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Study backs radiation for ductal breast cancer

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Wednesday, March 16, 2011

Women who undergo breast-conserving surgery to treat the most common type of non-invasive breast cancer could cut the risk of recurrence by adding radiation and drug therapy to their treatment, according to a study conducted by the National Surgical Adjuvant Breast and Bowel Project based at Allegheny General Hospital in Pittsburgh.

The study should reassure women with ductal carcinoma in situ that, after a lumpectomy, additional countermeasures such as radiation are not necessarily an indication of overtreatment, said Dr. Thomas Julian, principal investigator of the study, published today in the Journal of the National Cancer Institute. In DCIS, which accounts for 25 percent of breast cancer diagnoses, cancer cells are lodged in the breast ducts without invading other breast tissues.

"If you have the radiation, it is safe and it can keep the cancer from coming back," said Julian, associate director of the Breast Care Center at AGH in the North Side. Dr. Norman Wolmark, chairman of human oncology, was the senior author. "It's not 100 percent, but it reduces the chances, and therefore you have a better long-term survival."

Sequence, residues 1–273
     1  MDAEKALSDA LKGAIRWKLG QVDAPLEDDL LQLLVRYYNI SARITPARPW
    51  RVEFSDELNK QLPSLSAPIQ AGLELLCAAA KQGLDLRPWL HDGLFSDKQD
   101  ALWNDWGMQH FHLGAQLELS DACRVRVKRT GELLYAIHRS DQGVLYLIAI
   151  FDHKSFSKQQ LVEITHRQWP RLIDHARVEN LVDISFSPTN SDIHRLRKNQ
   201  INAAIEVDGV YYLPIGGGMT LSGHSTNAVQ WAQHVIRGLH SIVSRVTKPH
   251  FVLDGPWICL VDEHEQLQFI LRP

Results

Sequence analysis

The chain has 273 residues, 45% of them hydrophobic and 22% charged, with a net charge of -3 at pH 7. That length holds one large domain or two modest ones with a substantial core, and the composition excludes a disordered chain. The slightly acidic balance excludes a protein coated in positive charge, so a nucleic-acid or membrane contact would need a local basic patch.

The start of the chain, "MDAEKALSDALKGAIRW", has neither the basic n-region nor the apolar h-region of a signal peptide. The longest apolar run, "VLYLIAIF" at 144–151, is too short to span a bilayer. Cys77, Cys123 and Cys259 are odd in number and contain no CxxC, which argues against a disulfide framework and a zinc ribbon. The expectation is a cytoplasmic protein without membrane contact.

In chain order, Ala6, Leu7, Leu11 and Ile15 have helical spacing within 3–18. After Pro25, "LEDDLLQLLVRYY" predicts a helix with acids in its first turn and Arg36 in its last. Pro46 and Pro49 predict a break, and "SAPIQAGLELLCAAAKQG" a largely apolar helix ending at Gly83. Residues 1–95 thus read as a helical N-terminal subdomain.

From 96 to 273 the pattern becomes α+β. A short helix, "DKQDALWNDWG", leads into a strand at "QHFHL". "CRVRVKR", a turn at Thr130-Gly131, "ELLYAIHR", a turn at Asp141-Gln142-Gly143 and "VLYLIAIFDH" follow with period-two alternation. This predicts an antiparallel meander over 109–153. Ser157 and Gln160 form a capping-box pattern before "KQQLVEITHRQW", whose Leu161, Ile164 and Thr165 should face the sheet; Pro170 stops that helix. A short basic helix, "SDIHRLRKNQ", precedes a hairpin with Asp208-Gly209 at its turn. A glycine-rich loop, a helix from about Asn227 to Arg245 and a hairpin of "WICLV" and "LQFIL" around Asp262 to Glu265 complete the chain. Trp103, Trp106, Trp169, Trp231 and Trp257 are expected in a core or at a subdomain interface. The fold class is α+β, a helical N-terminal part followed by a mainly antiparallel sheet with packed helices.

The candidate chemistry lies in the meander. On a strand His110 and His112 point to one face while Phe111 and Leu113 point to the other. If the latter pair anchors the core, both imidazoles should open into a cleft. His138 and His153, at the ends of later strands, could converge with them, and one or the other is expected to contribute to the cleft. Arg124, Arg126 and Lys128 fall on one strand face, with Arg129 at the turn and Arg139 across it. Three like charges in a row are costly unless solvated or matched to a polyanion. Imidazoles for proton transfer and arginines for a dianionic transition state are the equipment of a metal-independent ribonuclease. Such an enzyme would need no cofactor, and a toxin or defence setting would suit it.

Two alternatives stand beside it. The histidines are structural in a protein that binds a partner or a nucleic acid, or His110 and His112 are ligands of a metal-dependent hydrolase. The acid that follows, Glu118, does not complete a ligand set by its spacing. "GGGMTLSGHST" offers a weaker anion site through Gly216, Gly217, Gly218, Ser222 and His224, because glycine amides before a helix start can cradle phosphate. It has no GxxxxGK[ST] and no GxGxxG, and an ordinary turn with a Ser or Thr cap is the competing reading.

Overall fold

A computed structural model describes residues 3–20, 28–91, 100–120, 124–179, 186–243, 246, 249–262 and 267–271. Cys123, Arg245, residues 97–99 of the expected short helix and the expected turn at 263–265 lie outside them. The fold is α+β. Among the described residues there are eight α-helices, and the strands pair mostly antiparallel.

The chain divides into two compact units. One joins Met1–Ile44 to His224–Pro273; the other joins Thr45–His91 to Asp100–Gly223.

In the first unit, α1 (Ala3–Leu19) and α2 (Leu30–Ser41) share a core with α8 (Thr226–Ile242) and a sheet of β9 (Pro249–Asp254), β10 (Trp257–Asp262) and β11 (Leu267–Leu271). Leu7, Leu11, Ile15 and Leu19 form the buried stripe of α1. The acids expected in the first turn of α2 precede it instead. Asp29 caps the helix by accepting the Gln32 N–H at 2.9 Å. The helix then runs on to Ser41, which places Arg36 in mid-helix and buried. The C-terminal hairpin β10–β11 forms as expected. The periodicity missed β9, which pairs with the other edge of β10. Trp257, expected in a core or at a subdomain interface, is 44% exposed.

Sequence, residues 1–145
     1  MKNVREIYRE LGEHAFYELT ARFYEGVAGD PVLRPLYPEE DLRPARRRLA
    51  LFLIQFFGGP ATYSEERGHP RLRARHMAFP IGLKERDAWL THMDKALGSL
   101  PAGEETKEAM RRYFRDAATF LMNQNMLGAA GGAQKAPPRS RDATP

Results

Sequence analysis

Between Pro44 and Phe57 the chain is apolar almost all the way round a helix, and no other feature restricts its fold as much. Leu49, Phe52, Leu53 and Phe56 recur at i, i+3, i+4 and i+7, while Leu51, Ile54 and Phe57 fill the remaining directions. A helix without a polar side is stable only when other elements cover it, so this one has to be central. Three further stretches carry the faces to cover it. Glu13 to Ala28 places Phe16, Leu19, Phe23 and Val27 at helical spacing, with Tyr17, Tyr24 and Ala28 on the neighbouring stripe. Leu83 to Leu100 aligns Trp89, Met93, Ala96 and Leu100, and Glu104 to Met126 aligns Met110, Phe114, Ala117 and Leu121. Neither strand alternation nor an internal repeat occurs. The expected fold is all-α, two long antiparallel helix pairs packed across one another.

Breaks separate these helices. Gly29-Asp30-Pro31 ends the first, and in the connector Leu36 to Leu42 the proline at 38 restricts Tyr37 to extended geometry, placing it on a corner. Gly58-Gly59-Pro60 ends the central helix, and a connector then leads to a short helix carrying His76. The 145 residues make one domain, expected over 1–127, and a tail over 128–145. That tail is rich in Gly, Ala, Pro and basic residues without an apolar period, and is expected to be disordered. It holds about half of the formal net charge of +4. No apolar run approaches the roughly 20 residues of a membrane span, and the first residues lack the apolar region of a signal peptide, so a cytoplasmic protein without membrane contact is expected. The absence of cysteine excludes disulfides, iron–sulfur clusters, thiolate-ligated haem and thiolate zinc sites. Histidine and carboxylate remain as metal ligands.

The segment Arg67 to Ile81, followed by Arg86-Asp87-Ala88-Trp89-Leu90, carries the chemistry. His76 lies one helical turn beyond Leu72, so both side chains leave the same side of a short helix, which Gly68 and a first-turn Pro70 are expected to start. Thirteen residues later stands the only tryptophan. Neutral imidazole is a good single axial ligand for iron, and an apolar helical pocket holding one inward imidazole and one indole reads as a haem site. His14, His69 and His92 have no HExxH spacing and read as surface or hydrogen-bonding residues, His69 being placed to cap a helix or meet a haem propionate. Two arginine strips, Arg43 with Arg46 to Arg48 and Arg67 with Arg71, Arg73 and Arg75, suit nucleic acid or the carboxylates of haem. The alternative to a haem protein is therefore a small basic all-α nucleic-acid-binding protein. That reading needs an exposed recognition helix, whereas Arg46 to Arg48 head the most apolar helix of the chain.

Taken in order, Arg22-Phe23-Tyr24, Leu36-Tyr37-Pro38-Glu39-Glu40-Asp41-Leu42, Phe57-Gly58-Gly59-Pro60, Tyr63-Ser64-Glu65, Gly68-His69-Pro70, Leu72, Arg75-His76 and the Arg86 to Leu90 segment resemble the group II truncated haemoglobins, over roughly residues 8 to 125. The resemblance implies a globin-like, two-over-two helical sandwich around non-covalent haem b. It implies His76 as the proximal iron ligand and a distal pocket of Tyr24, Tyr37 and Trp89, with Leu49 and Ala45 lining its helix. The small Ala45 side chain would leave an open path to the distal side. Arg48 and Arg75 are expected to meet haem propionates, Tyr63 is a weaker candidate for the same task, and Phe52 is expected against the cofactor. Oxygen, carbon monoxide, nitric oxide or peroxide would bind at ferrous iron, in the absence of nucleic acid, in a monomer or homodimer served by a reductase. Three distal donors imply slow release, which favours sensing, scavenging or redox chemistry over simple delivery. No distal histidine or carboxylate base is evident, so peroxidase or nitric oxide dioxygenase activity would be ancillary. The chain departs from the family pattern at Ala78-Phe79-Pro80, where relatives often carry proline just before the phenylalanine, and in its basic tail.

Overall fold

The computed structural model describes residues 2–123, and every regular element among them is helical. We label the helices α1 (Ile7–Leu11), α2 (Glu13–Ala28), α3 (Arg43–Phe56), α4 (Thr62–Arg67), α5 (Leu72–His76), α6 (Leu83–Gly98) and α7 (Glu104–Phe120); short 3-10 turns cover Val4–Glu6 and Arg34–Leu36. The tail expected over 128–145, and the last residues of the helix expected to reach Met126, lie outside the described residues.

The incidence of DCIS has increased in the past several years as more women undergo mammogram screenings, according to the National Institutes of Health. The national surgical project at AGH is conducting three trials to examine better treatments for DCIS.

"It's hard to figure out which DCIS will stay dormant, and which will go on to invasive breast cancer," Julian said. "People are struggling to figure out how to better treat women to prevent them from having a bad outcome."


The study, however, justifies treatments involving radiation, the drug tamoxifen, or a combination of the two, Julian said. Radiation after lumpectomy reduced the incidence of a dangerous cancer recurrence by 52 percent, compared to women who had only a lumpectomy. Women with estrogen receptor positive DCIS who added tamoxifen to their treatment cut their risk by 32 percent, compared to those who got lumpectomy and radiation only.

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